Long ago (2 1/2 years ago), when we became new parents of a beautiful, tiny baby girl, I started to wonder how we would parent her. What would discipline be like and how would we know if we were doing things right?
At first, parenting was a cinch...but raising our daughter wasnt. Colic hit our house strong and she (and we) suffered from it for 9 months.
But her ninth month was also a huge landmark for another reason. Our baby girl began hitting and throwing tantrums (at NINE months old!). I remember calling my dad to ask him what to do when my daughter threw a tantrum and I also asked if it was normal for such a young baby.
My dad's reply: "She's your daughter...it's normal."
So we began the ignoring game. She would scream, we would act like nothing was happening.
At a year old, we started "hand smacking phase". This phase was good for one reason and one reason only...teaching our daughter things she was not allowed to touch. No hand smacking was involved with her tantrums or other ordeals. It was only used to teach her what was off limits to her. I should call it more of a tap than a smack...I am not sure if it ever even hurt her but she knew it was a negative thing.
Around 18 months old, we started time outs. She would make a bad choice, we would put her in time out for one minute (a minute for each year she's been on this earth).
At age 2, we began the spanking phase. At first, I was very against spanking but it is something that works for miss Petey. I hardly ever spank her without warning. And usually, the only time I spank her is when she gets out of time out before her 2 minutes is up. She knows this is a consequence for her action and yet, she still tests me every once in a while. Or every day.
There are a few main keys that I believe has helped our sassy girl become the girly she is today...as in, a more even tempered, good listening girl. (not that she is always this way).
- I watch Supernanny sometimes and have taken so many tips from her style of discipline. When Petey goes in time out, she sits quietly and if she doesnt, her time doesnt start until she does. She knows not to get up and if she does, she has consequences. After her 2 minutes are up, I start by asking her why she was in time out. This helps her to remember her bad choice and we finish by her apologizing to whomever she has wronged.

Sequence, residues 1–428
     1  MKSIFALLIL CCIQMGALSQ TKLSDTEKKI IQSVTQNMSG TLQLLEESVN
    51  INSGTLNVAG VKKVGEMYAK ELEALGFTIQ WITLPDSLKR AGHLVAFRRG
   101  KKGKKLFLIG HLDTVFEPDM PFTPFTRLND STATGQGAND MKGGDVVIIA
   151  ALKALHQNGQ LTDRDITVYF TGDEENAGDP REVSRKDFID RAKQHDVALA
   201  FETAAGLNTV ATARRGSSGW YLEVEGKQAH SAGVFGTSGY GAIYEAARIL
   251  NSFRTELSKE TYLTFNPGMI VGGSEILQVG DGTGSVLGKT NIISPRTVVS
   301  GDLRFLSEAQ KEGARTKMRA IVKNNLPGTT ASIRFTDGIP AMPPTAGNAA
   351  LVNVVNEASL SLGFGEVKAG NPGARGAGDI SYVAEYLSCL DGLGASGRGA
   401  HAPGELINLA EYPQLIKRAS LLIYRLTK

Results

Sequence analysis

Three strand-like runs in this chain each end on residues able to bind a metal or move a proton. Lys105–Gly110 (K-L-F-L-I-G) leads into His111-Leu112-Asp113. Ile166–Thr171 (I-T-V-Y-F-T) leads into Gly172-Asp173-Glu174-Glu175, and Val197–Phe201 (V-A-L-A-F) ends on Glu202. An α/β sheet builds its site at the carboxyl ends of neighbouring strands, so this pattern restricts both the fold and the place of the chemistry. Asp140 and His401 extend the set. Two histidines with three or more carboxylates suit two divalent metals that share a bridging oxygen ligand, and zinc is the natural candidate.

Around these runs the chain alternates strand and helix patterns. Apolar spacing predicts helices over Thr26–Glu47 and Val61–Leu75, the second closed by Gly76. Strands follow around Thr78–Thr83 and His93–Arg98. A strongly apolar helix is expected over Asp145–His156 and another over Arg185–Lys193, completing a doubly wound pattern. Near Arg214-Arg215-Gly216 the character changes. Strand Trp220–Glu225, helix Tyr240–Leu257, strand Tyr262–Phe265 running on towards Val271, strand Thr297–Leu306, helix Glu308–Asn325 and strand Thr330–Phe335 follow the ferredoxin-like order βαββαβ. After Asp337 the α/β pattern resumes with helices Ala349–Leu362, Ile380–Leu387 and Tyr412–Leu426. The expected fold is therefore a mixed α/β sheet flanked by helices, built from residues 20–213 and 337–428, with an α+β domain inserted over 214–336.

- Instead of calling her a good or bad girl, we focus on good or bad choices. This helps her to know that we love her and know she is a good person but her choices were not good. If I catch her doing something she shouldnt, I will sometimes quiz her and say, "Petey, is that a good choice or a bad choice?" If she knows the correct answer, I ask her to stop. If she doesnt know the correct answer, I teach her.
- I try to make her consequences fit her actions. If she says a bad word or yells in my face, she gets a "bop" in her mouth or on her cheek. Also, if she's made a bad choice that she can help fix, she will do that after her 2 minutes of time out. For example, Petey is very afraid of the vaccuum cleaner. She's never liked the noise it makes. A couple weeks ago, she crushed a bunch of crackers into my rug on purpose and so what did I do? After finishing her time out, she had to hold the vaccuum and help me clean up her mess. And has she crushed crackers on my floor since then? No.
- I say the word "no" very often. I hate it. It has been both of my kids first clear word and they have BOTH learned to say it while pointing their index finger at you. Hmm...wonder where they learned that! I have been challenging myself lately to stop saying the word no as often. I read in a parenting magazine that it will help a child understand better if we briefly explain, rather than just yell, "No!". For example, if Spidey is pulling paper off of my counters and throwing it, I'll say, "Spidey, that paper is not for you." and direct him elsewhere. I'm hoping this helps my children realize why they cant do certain things instead of just hearing the word no all the time.
- I am a warner. I almost always give my children a first chance when disciplining them. For example, Petey yells the word stupid and I tell her that is not a nice word to say and if I hear her say it again, she will get a bop in the mouth. She says it again. Bop! This still happens quite frequently since my girly is a tester of boundaries but we stay strong to the boundaries we have set.
- It doesnt matter if other children are doing something she wants to do, if mom and dad say no, she doesnt do it. And if she chooses to do it anyway, she will receive a consequence. Every parent is different and I cannot tense up or release more freedom depending on who we are with. That would only confuse Petey and make her think the things we have taught her are "bad choices" are ok to do some places.
These things we have learned through raising our daughter may not be right for every child. They may not even be completely right for our son. Petey is a huge firecracker and if we don't keep strict rules with her, she would never stick to any boundaries. It is amazing how we have seen a difference in a girl that once was so hard for us to raise. Now that are boundaries are set, we have a much happier household.
And that's how Suze disciplines.